• no animal testing
    • approved by the Vegan Society

    It’s also gentle enough to use on baby clothes.

    Based on the performance of this product, I’m planning to sample the entire Ecover line of products. I found the delicate wash in my local grocery store, but you can order it (and other Ecover products) here.

    Ecover is based in Belgium, and has been recognized by the United Nations for their achievements in protecting and improving the environment. Not only are their products eco-friendly, but their factory is too — the roof uses grass for insulation, wood from sustainable forests, and bricks made from coal mine waste. There’s a picture of the grass roof in a slide show on the opening page of their website.

    Another Eco-Friendly Tip from Allie.

  7. Juice Minus The Box

    Posted on by Allie

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    I remember a time before juice boxes. I carried my juice to school in the thermos that came with my Muppet Show lunch box, until juice boxes hit the scene.

    The rule in my house was that juice boxes were for school, but at home I had to drink juice from a glass — less waste and less expensive. But when faced with the idea of your kindergartner taking aim at a glass with a sixty-four ounce jug of apple juice, a handy little juice box seems indispensable.

    Switch your kids over to reusable juice boxes. These can be pre-filled to put on a low shelf in your fridge or tucked in a lunch box. They’re much better for the environment, dishwasher safe, and will save you money in the long run. And you won’t spend the better part of an afternoon mopping sticky apple juice off of your kitchen floor, unless you spill.

  8. Install Aerators on Faucets

    Posted on April 23, 2007 by Allie

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    Faucet aerators can save three to four gallons of water per minute of use. Read more…

  9. Bring Your Garbage Home

    Posted on April 22, 2007 by Allie

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    Okay, not all of it. Just the recyclables.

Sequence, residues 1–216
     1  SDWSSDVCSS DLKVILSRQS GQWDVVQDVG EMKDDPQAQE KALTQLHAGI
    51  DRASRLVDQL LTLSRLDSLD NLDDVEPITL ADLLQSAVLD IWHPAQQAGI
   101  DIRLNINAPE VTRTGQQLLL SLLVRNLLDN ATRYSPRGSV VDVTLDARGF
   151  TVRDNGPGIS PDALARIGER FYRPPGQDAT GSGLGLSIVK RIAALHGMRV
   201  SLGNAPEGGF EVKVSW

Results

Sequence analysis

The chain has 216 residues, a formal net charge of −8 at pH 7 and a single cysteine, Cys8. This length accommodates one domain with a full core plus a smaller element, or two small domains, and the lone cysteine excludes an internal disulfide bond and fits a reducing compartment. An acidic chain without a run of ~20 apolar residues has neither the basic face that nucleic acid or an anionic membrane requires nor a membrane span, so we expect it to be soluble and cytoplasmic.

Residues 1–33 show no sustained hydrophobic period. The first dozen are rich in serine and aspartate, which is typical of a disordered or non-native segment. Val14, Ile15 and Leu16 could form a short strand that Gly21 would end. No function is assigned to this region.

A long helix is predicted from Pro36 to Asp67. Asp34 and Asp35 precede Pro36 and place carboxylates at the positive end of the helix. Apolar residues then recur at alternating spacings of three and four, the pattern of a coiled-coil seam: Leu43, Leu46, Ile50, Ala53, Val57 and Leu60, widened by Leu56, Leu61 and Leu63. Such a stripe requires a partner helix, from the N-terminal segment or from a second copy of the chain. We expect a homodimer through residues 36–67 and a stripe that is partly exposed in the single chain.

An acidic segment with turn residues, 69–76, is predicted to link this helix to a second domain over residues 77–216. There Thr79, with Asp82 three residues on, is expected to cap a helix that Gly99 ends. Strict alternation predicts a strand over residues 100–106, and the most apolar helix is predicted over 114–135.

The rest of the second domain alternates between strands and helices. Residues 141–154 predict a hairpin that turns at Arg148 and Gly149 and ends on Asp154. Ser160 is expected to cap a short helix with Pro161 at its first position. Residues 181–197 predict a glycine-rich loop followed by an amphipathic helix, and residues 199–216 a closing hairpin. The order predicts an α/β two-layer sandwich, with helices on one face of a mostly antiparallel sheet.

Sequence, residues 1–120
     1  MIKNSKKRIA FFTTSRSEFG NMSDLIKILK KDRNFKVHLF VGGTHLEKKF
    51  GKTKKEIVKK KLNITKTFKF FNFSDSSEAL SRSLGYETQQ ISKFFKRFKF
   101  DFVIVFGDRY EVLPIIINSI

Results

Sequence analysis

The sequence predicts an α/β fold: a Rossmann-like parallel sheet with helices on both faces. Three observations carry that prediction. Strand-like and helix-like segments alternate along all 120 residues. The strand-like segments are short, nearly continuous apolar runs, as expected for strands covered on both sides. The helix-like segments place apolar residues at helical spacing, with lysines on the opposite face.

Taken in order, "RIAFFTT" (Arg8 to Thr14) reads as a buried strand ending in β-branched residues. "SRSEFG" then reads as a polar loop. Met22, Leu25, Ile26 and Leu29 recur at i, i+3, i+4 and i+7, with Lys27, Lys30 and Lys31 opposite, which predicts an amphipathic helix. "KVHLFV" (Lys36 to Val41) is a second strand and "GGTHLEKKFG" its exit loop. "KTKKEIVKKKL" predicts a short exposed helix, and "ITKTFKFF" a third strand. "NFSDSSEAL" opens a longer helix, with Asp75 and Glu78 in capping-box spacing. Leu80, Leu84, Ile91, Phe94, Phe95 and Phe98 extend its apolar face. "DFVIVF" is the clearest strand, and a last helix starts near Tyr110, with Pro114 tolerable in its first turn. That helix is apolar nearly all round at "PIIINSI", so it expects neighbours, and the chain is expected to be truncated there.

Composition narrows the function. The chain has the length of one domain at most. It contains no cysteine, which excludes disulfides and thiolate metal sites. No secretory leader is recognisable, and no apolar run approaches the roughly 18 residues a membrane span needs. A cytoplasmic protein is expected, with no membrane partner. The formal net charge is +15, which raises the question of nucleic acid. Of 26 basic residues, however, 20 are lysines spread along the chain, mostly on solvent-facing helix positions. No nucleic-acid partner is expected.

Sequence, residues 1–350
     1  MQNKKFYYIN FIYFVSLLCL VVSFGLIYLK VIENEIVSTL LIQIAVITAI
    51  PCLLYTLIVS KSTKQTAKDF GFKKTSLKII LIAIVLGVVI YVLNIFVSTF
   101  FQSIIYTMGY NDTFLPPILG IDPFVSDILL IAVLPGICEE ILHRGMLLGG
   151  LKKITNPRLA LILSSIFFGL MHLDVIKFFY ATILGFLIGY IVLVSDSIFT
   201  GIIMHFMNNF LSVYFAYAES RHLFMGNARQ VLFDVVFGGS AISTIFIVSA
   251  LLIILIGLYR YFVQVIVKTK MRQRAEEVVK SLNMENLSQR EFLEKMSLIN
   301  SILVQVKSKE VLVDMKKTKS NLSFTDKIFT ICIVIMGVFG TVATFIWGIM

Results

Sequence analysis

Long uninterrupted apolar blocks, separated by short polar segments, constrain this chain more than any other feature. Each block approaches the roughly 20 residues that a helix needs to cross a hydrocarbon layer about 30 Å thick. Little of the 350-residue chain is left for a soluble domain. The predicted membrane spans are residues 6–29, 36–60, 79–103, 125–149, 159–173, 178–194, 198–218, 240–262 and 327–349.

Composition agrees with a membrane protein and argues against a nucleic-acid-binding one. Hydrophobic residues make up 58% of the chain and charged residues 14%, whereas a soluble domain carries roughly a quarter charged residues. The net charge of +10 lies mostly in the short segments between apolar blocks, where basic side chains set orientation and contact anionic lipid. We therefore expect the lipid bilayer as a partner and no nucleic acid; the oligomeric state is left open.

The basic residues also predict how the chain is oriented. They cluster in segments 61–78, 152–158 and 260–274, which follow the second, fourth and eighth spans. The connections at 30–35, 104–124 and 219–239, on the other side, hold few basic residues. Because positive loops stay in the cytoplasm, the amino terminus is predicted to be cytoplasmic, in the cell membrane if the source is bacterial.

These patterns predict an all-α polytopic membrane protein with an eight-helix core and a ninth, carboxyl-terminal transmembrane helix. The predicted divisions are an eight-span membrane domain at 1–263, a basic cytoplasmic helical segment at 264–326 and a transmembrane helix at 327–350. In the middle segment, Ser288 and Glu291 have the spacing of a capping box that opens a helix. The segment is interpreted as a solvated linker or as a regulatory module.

You’re out shopping. You get thirsty, so you buy a soda from the vending machine. When you’re done with it, you realize there aren’t any recycling bins at the mall.

    Don’t throw it out! Keep a bag in your car for any recyclables you acquire when you’re out and about, so you can bring them home to recycle.

  10. Tip of the Day – Drive Like the UPS Guy

    Posted on April 21, 2007 by Allie

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    UPS drivers strategically avoid left turns to reduce idling and conserve gas. You can too.
    UPS.com offers the following tips for fuel savings:

    1. Plan your route. When running errands or going on a trip, consider the best way to get to the locations without backtracking. When taking a long trip, use maps or Internet sites to determine the quickest and most direct route.
    2. Avoid left turns. UPS routes are designed to avoid left turns. We have learned that idling waiting to turn left wastes gas. Not to mention the cars idling behind you waiting for you to turn. It is also safer to avoid left turns since you reduce the number of times you turn across oncoming traffic.
    3. Schedule regular car maintenance. Maintaining your car can affect its gas mileage. Just making sure that the tires are properly inflated can save on fuel economy.
    4. Drive responsibly. Driving style can affect the gas mileage of your vehicle. Making a fast start from a stoplight or driving over the speed limit can reduce fuel economy. UPS practices safe driving and a “no idling” policy – no matter how short of a stop a UPS driver makes, the engine is turned off.
    5. Reduce the weight in the vehicle. Unnecessary items in the trunk can contribute to lower gas mileage. Eliminate anything you don’t need.
    6. Use the car with the best gas mileage. If you have more than one car, use the one that gets the best gas mileage when making long trips. UPS tries to match its vehicle to the needs of its routes. In some cases, that means deliveries are made by bicycle, particularly if the streets are too congested to pass through easily.

    Source
    Another Eco-Friendly Tip from Allie.

Tip of the Day

If It Doesn’t Smell, Don’t Wash It

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According to Real Simple, if every American made an effort to launder less — cutting out just one load of laundry a week per household — we’d save enough water to fill seven million swimming pools each year.

So if it looks clean, and it smells clean, call it clean and wear it again. Consider hanging worn clothes out on your clothesline to freshen them up between wearings.